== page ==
New Brunswick

Low wood prices hurting rural economies, woodlot manager says

The forest sector could be a way to pump much-needed money back into rural New Brunswick's economy but low prices are killing the industry, according to a woodlot manager.

Young foresters say they want sustainable logging to lead to sustainable jobs

Elijah Manchester is clearing logging paths for CFI. He recently returned to his home town of Sackville after living in Vancouver for years. (Tori Weldon/ CBC)

The forest sector could be a way to pump much-needed money back into rural New Brunswick's economy but low prices are killing the industry, according to a woodlot manager.

"The biggest barrier we're facing in restoring the Acadian forest and doing good forestry is are the low prices for wood that are being paid in New Brunswick compared to the rest of North America and in particular the Maritimes," said Dale Prest, a woodlot manager for Community Forests International (CFI).

Prest says he plans to sell 600 tons of wood to the local mill for about $6,000 but he says the same wood travelling the same distance to a mill in Nova Scotia would sell for more than $15,000.

He said that's an example of the thousands of dollars coming out of the pockets of businesses in rural communities.

The Department of Natural Resources says prices paid by lumber mills depend on a number of factors and vary from mill to mill.

The province's new forest management policy increased the amount of timber being harvested on Crown land in an attempt to spur job creation among some of the industries biggest players.  

Company forced to diversify

Dale Prest and Elijah Manchester take a break from working on the CFI woodlot in South Branch. Prest says better prices for wood would make rural living more viable. (Tori Weldon/CBC)
No matter what the price, the cheapest way to make a profit from a woodlot is through clear cutting but Prest says the usual model of clear cut and replant isn't sustainable.

The lot that he manages in South Branch is harvested tree by tree.

"Sustainable forestry looks like exactly this — this is a completely managed forest, it doesn't look like it but this whole area has been harvested through, thinned over multiple times," he said.

"We have our typical Acadian forest species."

Without sufficient profits, Prest said the group has had to diversify.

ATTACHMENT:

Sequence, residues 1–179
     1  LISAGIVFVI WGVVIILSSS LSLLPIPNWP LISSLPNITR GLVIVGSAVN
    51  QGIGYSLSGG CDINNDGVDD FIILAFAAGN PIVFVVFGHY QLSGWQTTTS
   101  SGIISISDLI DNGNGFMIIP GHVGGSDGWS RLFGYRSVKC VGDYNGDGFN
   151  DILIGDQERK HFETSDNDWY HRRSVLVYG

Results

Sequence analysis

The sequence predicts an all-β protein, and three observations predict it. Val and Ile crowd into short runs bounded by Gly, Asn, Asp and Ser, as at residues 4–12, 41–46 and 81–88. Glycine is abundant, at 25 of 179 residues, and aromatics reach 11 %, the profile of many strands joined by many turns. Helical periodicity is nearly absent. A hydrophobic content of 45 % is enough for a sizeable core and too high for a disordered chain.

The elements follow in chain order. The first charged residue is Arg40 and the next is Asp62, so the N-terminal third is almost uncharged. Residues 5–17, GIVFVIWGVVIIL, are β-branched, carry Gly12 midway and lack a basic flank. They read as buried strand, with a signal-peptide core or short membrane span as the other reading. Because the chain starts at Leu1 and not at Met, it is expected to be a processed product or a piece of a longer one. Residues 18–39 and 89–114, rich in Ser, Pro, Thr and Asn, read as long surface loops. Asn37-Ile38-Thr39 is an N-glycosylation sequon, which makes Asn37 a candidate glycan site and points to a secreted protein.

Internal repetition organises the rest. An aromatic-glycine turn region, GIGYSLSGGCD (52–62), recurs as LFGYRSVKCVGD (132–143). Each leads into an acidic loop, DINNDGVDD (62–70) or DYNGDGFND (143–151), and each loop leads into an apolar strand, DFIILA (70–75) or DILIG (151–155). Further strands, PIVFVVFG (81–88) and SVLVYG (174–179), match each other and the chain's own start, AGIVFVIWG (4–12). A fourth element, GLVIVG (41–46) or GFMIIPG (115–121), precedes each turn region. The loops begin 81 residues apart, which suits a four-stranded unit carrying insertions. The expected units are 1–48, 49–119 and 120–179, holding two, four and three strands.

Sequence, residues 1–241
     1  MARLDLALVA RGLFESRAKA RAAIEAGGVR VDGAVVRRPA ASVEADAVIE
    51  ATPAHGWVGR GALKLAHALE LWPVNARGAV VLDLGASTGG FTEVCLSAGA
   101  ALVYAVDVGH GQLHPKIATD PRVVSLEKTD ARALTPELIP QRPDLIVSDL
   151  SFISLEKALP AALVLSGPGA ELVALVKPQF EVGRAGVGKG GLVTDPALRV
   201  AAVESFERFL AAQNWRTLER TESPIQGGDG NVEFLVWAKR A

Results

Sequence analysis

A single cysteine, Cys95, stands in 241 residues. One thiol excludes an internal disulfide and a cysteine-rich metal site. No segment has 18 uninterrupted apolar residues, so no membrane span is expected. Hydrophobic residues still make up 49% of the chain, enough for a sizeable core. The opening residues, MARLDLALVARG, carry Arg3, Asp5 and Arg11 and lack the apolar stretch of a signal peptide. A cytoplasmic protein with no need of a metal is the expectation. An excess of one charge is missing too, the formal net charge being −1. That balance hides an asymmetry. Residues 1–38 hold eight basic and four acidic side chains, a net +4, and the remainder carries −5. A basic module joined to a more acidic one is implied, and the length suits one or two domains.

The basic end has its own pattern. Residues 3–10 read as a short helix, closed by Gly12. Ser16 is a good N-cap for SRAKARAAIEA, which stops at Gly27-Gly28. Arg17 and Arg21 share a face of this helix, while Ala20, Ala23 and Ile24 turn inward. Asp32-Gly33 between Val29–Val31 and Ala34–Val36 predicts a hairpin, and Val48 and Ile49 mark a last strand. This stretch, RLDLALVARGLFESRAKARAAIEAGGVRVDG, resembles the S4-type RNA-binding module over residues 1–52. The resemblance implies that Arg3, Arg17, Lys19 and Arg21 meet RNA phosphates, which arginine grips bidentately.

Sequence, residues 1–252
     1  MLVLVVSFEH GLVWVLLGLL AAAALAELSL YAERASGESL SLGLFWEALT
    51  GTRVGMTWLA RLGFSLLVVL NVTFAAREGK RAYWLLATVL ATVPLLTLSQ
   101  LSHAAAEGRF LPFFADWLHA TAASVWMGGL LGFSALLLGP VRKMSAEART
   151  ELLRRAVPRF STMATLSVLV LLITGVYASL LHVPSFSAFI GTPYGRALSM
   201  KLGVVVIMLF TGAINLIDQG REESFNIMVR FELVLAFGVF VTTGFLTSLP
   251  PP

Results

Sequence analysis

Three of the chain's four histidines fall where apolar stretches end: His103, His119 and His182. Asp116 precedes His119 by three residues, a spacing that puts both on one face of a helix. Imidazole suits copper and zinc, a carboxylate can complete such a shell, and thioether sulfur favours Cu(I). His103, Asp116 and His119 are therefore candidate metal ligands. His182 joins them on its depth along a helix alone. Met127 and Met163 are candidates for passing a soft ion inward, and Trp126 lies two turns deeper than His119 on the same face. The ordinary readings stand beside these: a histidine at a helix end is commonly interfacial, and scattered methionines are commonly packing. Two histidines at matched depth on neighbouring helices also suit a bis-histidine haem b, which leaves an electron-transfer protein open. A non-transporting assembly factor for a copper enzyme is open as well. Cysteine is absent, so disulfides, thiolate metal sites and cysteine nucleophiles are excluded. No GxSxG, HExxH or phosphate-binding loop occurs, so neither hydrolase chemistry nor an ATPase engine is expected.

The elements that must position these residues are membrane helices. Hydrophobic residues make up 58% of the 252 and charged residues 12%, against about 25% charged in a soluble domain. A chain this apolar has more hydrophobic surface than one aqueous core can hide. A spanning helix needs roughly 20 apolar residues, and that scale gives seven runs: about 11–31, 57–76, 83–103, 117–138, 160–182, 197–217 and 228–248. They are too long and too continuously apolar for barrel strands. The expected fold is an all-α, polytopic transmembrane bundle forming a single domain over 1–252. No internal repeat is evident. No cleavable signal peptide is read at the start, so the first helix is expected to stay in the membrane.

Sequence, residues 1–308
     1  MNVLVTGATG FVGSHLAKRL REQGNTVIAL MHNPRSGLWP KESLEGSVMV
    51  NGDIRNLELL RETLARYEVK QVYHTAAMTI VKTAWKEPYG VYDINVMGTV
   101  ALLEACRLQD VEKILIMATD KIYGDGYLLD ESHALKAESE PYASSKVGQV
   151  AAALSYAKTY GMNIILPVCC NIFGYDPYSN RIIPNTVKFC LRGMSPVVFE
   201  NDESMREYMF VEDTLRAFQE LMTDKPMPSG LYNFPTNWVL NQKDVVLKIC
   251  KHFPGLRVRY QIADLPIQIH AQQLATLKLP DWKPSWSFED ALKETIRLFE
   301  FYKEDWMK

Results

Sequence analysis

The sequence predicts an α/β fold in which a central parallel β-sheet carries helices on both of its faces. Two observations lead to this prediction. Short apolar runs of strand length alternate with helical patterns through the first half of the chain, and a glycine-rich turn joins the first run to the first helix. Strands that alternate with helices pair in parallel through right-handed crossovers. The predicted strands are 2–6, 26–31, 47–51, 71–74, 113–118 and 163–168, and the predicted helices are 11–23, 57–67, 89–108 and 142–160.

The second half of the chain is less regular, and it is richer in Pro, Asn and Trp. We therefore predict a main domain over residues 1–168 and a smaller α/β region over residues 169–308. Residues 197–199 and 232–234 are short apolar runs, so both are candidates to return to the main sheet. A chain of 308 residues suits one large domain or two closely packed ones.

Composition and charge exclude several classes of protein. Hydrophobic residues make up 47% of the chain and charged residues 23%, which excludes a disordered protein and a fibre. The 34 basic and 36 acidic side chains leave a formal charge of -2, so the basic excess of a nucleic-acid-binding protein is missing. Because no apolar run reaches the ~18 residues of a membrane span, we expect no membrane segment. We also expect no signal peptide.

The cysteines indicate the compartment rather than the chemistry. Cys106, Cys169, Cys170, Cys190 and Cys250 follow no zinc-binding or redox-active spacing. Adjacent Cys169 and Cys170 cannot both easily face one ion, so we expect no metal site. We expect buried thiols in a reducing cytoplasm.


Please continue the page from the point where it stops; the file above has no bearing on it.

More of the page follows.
Community Forests International owns or manages 71 hectares of forest in New Brunswick.

It has found five companies from across Canada that are paying the group to manage that land

It's a system called carbon offsetting, and it earns the group about $70,000 every year. CFI sells carbon offsets to companies that want to meaningfully bill themselves as "green" or environmentally friendly.

CFI offers sustainable jobs

Prest would like to see small independent wood lot owners able to make a living off their land, creating jobs for people who want to come to or stay in rural New Brunswick, people such as Nick Thompson from Ontario.

Dale Prest said he believes there is too much wood from Crown land flooding New Brunswick's wood market and it's driving prices down. (Tori Weldon/CBC)
Thompson is working for CFI cutting logging trails on the South Branch property. He moved to New Brunswick a few years ago and wants to make it home.

"[I'm] working outside, working with my friends and working with people who have the same values as I do and working for clients that have the same values," said Thompson.

After watching friends struggle with the cost of living in cities, such as Toronto, he said he appreciates that he can afford the necessities of life in New Brunswick.

Though Thompson admits it's been hard to find a regular full-time job, he's found plenty of work, even making enough money to finish his university degree without getting a student loan.

Elijah Manchester agrees the cost of living in the region is a big draw. Also working for CFI, he  just returned to his hometown of Sackville after living for years in Vancouver.

"I could never have invested in property. I just kind of felt like I was being priced out of that province and then also I wanted to be closer to my family," said Manchester.

Both of these young men plan to stay in New Brunswick. They hope more people can follow suit, and make New Brunswick home.

Like the forest they're tending to, they say they want life in the province to be sustainable.

Comments

To encourage thoughtful and respectful conversations, first and last names will appear with each submission to CBC/Radio-Canada's online communities (except in children and youth-oriented communities). Pseudonyms will no longer be permitted.

By submitting a comment, you accept that CBC has the right to reproduce and publish that comment in whole or in part, in any manner CBC chooses. Please note that CBC does not endorse the opinions expressed in comments. Comments on this story are moderated according to our Submission Guidelines. Comments are welcome while open. We reserve the right to close comments at any time.